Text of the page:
Quotations About / On: JUSTICE

  • 41.
    Justice is horrible.
    (Friedrich Dürrenmatt (1921-1990), Swiss dramatist, novelist, essayist. Trans. by Gerhard P. Knapp (1995). Romulus the Great, act III (1956).)
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  • 42.
    I have loved justice and hated iniquity: therefore I die in exile.
    (Pope Gregory VII (c. 1020-1085), Italian cleric, pope. quoted in The Life and Pontificate of Gregory VII, vol. 2, bk. 3, ch. 20, J.W. Bowden (1840). Attributed last words in Salerno, Italy, where he had taken refuge after being ousted from Rome by the Holy Roman Emperor Henry IV.)
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  • 43.
    Objectivity and justice have nothing to do with one another.
    (Friedrich Nietzsche (1844-1900), German philosopher, classical scholar, critic of culture. Friedrich Nietzsche, Sämtliche Werke: Kritische Studienausgabe, vol. 1, p. 290, eds. Giorgio Colli and Mazzino Montinari, Berlin, de Gruyter (1980); On the Advantage and Disadvantage of History for Life, p. 35, trans. by Peter Preuss, Indianapolis, Hackett Publishing Company (1980). On the Uses and Disadvantages of History for Life, section 6 (1874). Published as the second essay in Nietzsche's Untimely Meditations (1873-1876).)
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  • 44.
    The love of justice in most people is only the fear of suffering injustice.
    (François, Duc De La Rochefoucauld (1613-1680), French writer, moralist. repr. F.A. Stokes Co., New York (c. 1930). Moral Maxims and Reflections, no. 79 (1665-1678), trans. London (1706).)
  • 45.
    The history of the world is the world's court of justice.
    (Friedrich Von Schiller (1759-1805), German dramatist, poet, historian. Inaugural lecture, May 26, 1789, as Professor of History at the University of Jena, Weimar, Germany. See also Hegel's comment under "history," rendering a similar idea.)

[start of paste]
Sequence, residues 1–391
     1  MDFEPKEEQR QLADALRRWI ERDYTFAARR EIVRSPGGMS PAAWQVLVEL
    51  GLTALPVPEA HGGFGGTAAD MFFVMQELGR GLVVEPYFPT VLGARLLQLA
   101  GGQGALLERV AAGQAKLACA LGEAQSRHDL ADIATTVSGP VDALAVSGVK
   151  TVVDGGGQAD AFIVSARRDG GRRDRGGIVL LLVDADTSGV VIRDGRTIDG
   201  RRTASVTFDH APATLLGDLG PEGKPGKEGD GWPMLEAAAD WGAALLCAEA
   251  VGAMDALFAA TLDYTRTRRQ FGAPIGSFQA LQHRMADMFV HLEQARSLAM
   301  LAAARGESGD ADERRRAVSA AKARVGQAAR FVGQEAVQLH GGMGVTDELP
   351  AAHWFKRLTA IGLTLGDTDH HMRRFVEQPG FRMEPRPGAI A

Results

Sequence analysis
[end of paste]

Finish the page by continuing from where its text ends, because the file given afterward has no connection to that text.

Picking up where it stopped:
• 46.
    There is a time when even justice brings harm.
    (Sophocles (497-406/5 B.C.), Greek tragedian. Electra, l. 1042.)
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  • 47.
    Justice is sweet and musical; but injustice is harsh and discordant.
    (Henry David Thoreau (1817-1862), U.S. philosopher, author, naturalist. "Slavery in Massachusetts" (1854), in The Writings of Henry David Thoreau, vol. 4, p. 404, Houghton Mifflin (1906).)
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  • 48.
    A soul that is kind and intends justice discovers more than any sophist.
    (Sophocles (497-406/5 B.C.), Greek tragedian. Fragments, l. 88 (Aletes).)
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  • 49.
    The severest justice may not always be the best policy.
    (Abraham Lincoln (1809-1865), U.S. president. Address to the Senate and House of Representatives, July 17, 1862. Collected Works of Abraham Lincoln, vol. 5, p. 330, Rutgers University Press (1953, 1990).)
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  • 50.
    We do not live by justice, but by grace.
    (Henry David Thoreau (1817-1862), U.S. philosopher, author, naturalist. "Thomas Carlyle and His Works" (1847), in The Writings of Henry David Thoreau, vol. 4, p. 353, Houghton Mifflin (1906).)
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